In Which the Ancient History I Learn Is Not My Own

Eavan Boland, leading Irish poet and champion of the female voice, dies aged 75: ‘It was her particular gift to reveal the beauty in the ordinary. Over the years, through her poetry, critical work and teaching she displayed an extraordinary ability to invoke Irish landscapes, myth and everyday experience. She became one of the pre-eminent voices in Irish literature, noted for the high standard she sought and achieved. The revealing of a hidden Ireland, in terms of what was suffered, neglected, evaded, given insufficient credit, is a part of her achievement.’

From her poem ‘In Which the Ancient History I Learn Is Not My Own’

And the waters
of the Irish Sea,
their shallow weave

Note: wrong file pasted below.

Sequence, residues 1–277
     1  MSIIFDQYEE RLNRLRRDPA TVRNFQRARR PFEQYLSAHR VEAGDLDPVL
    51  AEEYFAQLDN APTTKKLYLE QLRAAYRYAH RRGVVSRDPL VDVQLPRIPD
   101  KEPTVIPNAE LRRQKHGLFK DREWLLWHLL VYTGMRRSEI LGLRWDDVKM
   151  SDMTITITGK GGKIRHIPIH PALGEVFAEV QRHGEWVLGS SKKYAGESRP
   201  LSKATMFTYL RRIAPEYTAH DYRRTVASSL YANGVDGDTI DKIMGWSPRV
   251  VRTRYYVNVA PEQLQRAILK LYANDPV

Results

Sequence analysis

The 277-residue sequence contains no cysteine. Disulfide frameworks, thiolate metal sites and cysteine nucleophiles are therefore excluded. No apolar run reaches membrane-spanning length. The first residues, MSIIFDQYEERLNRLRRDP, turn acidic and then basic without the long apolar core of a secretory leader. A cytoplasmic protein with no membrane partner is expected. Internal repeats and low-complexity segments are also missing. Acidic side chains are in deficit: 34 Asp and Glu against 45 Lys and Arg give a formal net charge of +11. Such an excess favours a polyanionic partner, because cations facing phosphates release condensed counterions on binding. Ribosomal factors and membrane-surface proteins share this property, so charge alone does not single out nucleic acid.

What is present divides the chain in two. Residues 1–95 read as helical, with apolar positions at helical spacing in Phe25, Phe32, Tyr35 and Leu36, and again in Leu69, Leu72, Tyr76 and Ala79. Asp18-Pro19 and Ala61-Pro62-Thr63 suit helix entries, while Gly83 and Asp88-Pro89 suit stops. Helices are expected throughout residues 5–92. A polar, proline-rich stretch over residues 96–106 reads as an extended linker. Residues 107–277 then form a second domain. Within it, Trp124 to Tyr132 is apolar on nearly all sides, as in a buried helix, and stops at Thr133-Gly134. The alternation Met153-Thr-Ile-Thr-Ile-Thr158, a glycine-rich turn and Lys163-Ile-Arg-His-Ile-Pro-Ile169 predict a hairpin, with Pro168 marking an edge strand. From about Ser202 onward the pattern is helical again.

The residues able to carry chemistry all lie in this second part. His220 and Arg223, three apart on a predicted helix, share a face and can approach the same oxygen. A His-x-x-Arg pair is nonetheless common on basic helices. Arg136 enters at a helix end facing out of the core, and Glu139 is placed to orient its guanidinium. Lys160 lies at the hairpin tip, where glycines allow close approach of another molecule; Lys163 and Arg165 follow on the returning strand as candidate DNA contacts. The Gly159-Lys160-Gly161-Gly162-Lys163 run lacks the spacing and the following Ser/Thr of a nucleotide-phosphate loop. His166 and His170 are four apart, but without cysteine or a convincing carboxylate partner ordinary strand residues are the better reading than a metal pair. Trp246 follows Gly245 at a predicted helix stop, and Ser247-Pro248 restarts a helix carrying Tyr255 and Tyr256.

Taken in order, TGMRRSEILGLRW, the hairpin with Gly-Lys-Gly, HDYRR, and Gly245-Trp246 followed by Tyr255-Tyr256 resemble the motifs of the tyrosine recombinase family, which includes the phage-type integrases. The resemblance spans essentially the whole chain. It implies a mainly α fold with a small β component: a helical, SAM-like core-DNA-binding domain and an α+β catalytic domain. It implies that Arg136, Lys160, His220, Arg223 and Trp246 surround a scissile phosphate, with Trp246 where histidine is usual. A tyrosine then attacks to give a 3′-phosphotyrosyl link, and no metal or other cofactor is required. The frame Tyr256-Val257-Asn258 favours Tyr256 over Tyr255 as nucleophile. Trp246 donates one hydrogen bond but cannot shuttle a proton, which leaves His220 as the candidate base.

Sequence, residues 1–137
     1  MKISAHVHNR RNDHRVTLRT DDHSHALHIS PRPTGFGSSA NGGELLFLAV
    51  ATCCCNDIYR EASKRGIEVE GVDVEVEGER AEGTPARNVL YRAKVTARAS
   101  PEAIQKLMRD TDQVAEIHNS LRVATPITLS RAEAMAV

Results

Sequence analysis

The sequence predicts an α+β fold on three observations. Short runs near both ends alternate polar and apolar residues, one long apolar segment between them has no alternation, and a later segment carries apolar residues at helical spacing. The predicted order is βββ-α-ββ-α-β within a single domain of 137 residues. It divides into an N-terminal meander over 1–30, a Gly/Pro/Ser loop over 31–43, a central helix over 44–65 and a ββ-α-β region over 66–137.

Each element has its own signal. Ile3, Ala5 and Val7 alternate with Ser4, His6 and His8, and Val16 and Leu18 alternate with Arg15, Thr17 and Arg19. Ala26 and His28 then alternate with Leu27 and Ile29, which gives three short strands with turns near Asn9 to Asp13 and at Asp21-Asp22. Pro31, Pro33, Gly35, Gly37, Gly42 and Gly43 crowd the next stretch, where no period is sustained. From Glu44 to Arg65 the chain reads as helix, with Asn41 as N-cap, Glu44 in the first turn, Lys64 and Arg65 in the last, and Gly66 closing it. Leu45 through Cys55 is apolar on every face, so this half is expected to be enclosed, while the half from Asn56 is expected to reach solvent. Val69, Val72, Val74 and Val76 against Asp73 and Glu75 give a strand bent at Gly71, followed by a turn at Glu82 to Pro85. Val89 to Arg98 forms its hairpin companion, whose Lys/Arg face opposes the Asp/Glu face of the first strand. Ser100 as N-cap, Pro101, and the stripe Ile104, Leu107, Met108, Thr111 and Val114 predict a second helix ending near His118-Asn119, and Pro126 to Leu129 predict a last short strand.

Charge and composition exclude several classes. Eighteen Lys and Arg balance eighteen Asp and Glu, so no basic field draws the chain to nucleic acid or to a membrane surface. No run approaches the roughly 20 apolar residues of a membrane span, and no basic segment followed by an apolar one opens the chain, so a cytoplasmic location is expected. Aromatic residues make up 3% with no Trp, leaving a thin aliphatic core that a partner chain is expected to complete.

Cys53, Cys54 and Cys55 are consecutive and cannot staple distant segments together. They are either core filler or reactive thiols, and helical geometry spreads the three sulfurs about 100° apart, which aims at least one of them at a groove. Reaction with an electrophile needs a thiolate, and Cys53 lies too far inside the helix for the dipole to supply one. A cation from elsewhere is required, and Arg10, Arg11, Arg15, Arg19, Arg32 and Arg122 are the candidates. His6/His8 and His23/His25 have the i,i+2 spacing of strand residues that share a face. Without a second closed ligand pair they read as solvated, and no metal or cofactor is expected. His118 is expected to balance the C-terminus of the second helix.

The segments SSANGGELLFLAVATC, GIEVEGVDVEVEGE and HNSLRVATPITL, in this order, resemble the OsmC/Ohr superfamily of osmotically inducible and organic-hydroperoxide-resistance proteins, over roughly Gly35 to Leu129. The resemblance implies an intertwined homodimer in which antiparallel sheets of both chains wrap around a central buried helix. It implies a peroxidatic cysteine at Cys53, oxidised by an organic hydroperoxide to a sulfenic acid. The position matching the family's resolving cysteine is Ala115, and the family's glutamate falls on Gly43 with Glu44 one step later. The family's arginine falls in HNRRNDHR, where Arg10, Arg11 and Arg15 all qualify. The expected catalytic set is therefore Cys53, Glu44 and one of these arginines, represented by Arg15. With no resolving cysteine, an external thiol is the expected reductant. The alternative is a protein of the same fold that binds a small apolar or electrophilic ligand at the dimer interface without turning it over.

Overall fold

and cross-grained blue-green,
had drained away
to the pale gaze
of a doll’s china eyes:
a stare without recognition or memory.

She put the tip
of the wooden
pointer on the map.
She tapped over ridges and dried-
out rivers and cities buried in
the sea and sea-scapes which
had once been land.
And came to a stop.

The Roman Empire
was the greatest
Empire ever known.
(Until our time of course.)
Remember this, children.
In those days,
the Delphic Oracle was reckoned
to be the exact centre of the earth.

I wanted
to stand in front of it.
I wanted to trace over
and over the weave of
my own country and read out
names I was next to forgetting.
Wicklow. Kilruddery. Dublin.

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